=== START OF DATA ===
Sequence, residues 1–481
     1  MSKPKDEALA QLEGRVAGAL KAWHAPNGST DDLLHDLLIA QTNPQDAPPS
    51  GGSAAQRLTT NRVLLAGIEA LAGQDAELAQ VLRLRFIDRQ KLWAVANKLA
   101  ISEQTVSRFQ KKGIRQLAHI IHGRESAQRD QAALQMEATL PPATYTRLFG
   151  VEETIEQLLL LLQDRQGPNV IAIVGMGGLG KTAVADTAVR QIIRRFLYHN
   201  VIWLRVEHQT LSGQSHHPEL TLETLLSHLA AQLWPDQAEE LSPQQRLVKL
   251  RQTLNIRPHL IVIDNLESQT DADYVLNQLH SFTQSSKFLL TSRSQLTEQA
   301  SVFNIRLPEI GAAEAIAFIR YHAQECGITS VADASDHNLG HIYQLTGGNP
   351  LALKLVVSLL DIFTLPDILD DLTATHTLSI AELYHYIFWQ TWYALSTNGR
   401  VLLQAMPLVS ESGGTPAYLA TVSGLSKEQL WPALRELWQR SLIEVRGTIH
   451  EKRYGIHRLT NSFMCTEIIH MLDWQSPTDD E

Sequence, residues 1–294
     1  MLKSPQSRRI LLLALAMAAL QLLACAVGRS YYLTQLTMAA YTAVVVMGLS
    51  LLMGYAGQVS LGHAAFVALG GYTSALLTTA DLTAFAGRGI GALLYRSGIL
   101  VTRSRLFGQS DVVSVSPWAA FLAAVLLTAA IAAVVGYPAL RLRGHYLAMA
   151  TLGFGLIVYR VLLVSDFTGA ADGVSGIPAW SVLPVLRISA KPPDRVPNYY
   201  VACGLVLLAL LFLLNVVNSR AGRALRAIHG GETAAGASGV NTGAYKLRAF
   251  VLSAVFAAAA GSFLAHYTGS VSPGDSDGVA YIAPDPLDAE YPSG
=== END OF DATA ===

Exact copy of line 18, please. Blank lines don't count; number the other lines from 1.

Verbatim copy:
   251  VLSAVFAAAA GSFLAHYTGS VSPGDSDGVA YIAPDPLDAE YPSG